Govt urged to end outsourcing
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Labor unions have threatened to stage a nationwide strike next month if the government does not act to end outsourcing practices.
The unions, including the Confederation of All-Indonesian Workers Union (KSPSI), Confederation of Indonesian Workers Union (KSPI), Confederation of Indonesian Prosperous Labor Union (KSBI) and nine other labor union federations announced in a joint press conference on Monday that in addition to the planned strike, more than 1 million workers were expected to picket industrial areas in 14 municipalities and regencies in mid September.
“The strike will proceed peacefully but if the government refuses to listen to our demands, we will step up our efforts by occupying toll roads and other public facilities until the government enacts a moratorium on outsourcing practices, which contradict the Labor Law,” KSPSI chairman, Andi Gani Nena Wea, said.
Andi said that workers could resort to the use of force if the government and employers insisting on violating the law against outsourcing.
A survey conducted by the alliance of the labor unions found that 15 million workers were employed under the outsourcing system — more than 50 percent of 33 millions workers employed in the formal sector.
Following a controversial compromise between employers and unions on the 2003 Labor Law, companies are increasingly switching to outsourcing for non-essential employees including those in the security, transportation and cleaning services to cut costs. The flexibility of the outsourcing system allows employers to lay off a majority of their workforce before the Idul Fitri holiday and reinstate them after the holiday so as to avoid paying holiday allowances.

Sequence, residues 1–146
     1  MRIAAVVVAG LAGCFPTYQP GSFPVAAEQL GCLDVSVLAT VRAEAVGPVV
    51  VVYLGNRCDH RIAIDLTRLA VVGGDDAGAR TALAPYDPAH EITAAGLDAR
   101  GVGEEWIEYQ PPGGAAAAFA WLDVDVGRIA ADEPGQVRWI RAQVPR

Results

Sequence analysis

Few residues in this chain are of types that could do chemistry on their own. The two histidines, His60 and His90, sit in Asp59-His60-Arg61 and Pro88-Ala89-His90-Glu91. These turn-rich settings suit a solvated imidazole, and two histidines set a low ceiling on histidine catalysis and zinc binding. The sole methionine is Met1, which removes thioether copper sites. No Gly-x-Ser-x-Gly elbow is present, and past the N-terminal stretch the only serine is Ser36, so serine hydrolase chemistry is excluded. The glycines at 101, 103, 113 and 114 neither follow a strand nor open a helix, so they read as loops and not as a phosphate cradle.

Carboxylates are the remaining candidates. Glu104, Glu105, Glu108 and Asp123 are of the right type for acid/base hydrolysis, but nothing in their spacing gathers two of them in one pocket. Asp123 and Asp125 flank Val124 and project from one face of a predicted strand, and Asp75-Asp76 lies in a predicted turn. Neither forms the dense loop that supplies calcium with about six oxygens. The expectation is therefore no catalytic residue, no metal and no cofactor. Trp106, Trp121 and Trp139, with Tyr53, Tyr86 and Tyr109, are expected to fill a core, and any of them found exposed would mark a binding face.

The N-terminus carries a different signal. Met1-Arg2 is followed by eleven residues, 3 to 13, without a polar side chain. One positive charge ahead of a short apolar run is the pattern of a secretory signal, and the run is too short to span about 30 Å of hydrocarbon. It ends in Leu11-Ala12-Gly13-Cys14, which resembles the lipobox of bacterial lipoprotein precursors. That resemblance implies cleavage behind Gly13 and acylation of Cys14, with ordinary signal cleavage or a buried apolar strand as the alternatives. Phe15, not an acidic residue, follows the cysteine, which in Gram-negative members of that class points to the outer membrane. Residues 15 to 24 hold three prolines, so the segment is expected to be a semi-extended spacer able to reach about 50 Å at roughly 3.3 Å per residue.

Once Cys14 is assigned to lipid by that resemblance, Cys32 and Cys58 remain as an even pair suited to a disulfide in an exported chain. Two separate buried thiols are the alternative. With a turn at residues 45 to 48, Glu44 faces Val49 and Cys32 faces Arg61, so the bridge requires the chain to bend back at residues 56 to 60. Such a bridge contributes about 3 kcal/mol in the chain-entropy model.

“Dismissed workers are warned that if they report their dismissal to the government, they won’t be hired again,” said KSBI chairman Mudhofir.
Since the passage of the law, massive, and at times violent rallies against outsourcing have taken place in Jakarta and other major cities across the country.
As a result of public pressure in 2005, President Susilo Bambang Yudhoyono ordered seven state universities to conduct an in-depth study on controversial issues of the new law, including provisions related to outsourcing. No action has been taken to follow up on the = study’s findings.
KSPI chairman Said Iqbal said workers also opposed the recent ministerial decree’s 50-component decent wage criteria, arguing that majority of workers remain underpaid and poor.
“The government added only four components to the list of criteria because employers rejected the 86 components proposed by labor unions. With the new decree, most workers will not see any significant wage increase in January 2013.
“This is why we have demanded the government to instate a one-year moratorium on outsourcing and to bring employers, not their human resources managers, to discuss these central issues,” he said.